Typical "Afternoon Tea Time Snack" with UgoBars and Trail Butter....I like something sweet with my tea/coffee

Typical “Afternoon Tea Time Snack” with UgoBars and Trail Butter.…I like something sweet with my tea/coffee

Personally I’ve found that a lot of antioxidants (from things like Flora Healthy Green TEA as well as Goji Berries!) and a nice source of Omega-3s and fiber (from Flora Healthy flaxseeds) are part of what keeps me healthy as an endurance athlete. While this is an obvious sponsor/product plug, I truly believe that a lot of people seem to need more of both antioxidants and fiber in their diet as well.

IMG_5153

THE GOJI DESSERT?!

 

Fiber = Health!

Fiber = Health!

I think we can learn a lot from “Blue Zones”…cultures of people that have thrived with certain types of diets for long periods of time. Unlike in many first world countries like the US, these people do not suffer from high rates of coronary heart disease, cancers, diabetes, strokes and obesity as much. Why certain “diet cults” don’t focus on these Blue Zones and what they have to offer is beyond me.

 

This is why I believe it’s a “study of many.” We’re all in this together as a human species. The human body is amazing at being able to adapt to eating a very wide variety of foods (we could probably survive on plastic for a while….some highly processed food basically has plastic in it nowadays anyway!)…but some foods definitely are not optimal. Some foods likely lead to cancer, diabetes, obesity and heart disease. Some foods/food sources are much more energy costing and destructive to the environment as well.

 

In the words of Michael Pollen: “Eat food. Not too much. Mostly Plants…”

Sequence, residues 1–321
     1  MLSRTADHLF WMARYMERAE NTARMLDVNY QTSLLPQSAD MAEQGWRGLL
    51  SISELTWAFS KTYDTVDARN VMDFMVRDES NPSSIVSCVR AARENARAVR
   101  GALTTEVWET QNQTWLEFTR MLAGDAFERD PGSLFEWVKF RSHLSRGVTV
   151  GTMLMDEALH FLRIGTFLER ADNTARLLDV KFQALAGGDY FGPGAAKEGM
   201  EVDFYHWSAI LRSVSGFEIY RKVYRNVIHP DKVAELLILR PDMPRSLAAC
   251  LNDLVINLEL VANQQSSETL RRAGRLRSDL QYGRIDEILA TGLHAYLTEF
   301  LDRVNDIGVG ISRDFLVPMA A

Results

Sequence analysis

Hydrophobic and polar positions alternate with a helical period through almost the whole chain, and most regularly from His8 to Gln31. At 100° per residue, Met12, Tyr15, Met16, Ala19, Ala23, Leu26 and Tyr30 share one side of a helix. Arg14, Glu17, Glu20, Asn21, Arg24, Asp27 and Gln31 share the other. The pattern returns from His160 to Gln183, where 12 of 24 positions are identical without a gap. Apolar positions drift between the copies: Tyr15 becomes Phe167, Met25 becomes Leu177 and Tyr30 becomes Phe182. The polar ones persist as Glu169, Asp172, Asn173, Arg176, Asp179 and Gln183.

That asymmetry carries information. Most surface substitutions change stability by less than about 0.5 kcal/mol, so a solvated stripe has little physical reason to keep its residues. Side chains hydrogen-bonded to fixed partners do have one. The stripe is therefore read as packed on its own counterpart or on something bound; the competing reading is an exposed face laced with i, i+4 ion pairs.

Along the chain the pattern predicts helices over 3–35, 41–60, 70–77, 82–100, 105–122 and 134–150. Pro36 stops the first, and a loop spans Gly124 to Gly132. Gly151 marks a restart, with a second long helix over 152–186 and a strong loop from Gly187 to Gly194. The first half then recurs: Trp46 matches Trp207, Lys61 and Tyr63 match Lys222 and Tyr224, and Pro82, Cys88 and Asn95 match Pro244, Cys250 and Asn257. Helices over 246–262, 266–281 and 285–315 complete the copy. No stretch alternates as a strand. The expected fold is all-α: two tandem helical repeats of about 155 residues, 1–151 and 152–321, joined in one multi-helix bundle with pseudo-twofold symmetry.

-Coach Sage

www.SageRunning.com

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About the Author ()

2-time Olympic Trials Qualifier, Mountain runner, Author of "Running For The Hansons," trail runner, videos for Vo2max Productioins, LLC.

Comments (9)

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  1. Guy Mac says:

    Common sense, I’d just add a couple things.
    1) For a broad range of percent carb vs. percent fat, it really doesn’t seem to matter that much in the short term [in terms of athletic performance or health], the body has multiple buffers, etc. It matters much less than most people think or want it to; people want an all-or-nothing approach.
    2) For long term health, the standard Western diet where saturated fat is replaced with processed sugars and by removing fiber seems to be very unhealthy, though of course mitigated by advances in medical technology. So adding saturated fat back into the diet can be a step in the right direction.

    • SageCanaday says:

      Agree. And percentages vary a bit by day (although everyday I personally know I must be well over 50% carbohydrate). I disagree with your point about “adding saturated fat back into the diet.” though. Not saying that processed sugars are good at all (obviously they aren’t), but if there is a drop in processed/refined sugar, it does not follow that there needs to be an increase in fat…esp saturated fat. Nobody should replace anything with processed sugars!

  2. Jeff LaFave says:

    Sage,
    I have heard/seen you on various podcasts and I really appreciate your experienced based wisdom and down to earth attitude. Recently, I have seen more of your comments about diet. I am so glad to see you are a whole foods/plant based person and not on the saturated fat/paleo bandwagon which seems so misguided. I heard you recently on this topic (on TRN or somewhere) and you were outstanding. Glad you see the Dr. Gregor book image on this web page! That is an amazing resource.
    I wish you luck in your upcoming races and very much appreciate the content you have put out on a number of subjects!

  3. Daniel says:

    Do you think there is any truth to what this man says about vegetarianism/veganism? (www.drlwilson.com/Articles/vegetablediets.htm‎)

    Also, what about this on marathon running? (drlwilson.com/ARTICLES/MARATHONS.htm‎)
    I hope none of what he says is true

    • SageCanaday says:

      Well first off it’s impressive he has a degree from MIT. I’d think he’d put a bit more though into sprucing up his website design/blog with that kind of background. I would seriously question a ton of what he writes there though (like pretty much all of ti). Many blanket statements that are surprisingly worded…I mean, “too much yin…” and the sexual fluid part…it’s really off the wall in my opinion. At least he has a disclaimer at the top for as an MD you can get sued for writing that kind of “advice.”